The simplest cell reference appears as a simple mention of the referred cell after an equal sign. For example (=C5) refers to the value within cell C5. It means that the value of the current cell is equal to the value of C5.
Cell Reference in a Function
But when the reference to a range is used in a function, the magic happens. For example =SUM(A1:C6) will return the total value of the cell range A1 through C6 and =AVERAGE(A1:C6) returns the average of this cell range.
Cell References and Range Issues
Larger Excel files are usually stuffed with formulas based on cell ranges. When spreadsheets are edited or expanded over time, different types of range issues may occur. These issues are usually hard to detect, but they can be very risky! We’ve seen big numbers and large sums of money ‘disappear’ because of range issues.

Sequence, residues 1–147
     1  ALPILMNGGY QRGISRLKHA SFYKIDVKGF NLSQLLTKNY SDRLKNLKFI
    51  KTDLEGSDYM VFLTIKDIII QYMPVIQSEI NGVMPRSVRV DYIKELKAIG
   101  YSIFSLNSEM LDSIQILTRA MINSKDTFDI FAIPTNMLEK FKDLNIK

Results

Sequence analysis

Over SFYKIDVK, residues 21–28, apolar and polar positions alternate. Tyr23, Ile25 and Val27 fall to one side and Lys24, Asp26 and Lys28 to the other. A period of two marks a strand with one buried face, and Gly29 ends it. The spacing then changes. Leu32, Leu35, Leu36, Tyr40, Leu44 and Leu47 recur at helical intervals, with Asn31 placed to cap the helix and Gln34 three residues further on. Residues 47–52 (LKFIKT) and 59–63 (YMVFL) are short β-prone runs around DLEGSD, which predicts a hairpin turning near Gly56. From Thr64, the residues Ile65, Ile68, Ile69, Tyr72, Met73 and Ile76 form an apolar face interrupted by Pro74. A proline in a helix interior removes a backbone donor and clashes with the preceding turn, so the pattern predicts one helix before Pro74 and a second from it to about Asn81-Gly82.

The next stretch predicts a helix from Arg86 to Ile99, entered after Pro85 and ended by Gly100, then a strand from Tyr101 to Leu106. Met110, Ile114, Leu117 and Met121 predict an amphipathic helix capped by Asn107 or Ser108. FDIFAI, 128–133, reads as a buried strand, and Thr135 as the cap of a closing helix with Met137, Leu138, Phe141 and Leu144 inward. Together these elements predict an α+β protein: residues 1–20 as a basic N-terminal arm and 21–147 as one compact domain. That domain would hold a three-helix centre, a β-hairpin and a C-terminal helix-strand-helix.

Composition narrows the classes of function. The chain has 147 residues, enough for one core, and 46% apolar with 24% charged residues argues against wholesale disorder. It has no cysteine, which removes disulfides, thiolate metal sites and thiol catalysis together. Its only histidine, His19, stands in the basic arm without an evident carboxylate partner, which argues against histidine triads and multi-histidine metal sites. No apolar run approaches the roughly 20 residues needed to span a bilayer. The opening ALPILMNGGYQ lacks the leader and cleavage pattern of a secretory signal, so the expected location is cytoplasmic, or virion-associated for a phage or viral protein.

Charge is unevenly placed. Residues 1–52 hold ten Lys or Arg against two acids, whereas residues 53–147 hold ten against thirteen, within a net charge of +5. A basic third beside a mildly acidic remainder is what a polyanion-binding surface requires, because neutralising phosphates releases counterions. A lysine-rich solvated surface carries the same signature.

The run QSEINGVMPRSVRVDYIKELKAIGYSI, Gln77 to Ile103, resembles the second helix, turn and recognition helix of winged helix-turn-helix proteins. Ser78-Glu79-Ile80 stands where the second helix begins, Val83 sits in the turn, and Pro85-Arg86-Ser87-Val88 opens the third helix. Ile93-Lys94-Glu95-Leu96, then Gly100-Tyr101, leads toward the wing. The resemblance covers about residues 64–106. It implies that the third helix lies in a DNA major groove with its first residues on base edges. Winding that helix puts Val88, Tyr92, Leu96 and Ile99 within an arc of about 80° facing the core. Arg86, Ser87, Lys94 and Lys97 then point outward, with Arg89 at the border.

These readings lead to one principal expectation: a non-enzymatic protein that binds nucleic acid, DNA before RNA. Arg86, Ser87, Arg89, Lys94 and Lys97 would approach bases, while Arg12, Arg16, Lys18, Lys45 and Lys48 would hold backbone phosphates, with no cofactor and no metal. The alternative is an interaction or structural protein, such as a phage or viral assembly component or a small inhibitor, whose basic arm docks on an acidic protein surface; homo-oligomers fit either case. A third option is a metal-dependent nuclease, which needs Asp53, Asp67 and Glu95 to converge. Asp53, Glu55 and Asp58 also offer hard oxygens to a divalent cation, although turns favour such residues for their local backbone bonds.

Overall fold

Certain risks concerning cell references in spreadsheets occur frequently. Like references to empty cells, references to merged cells (it is not obvious how to correctly refer to the merged cells) or when a referred cell range is expected to be longer or shorter, because the actual table in the spreadsheet is. PerfectXL detects these risks and provides the user with suggestions to fix the problem.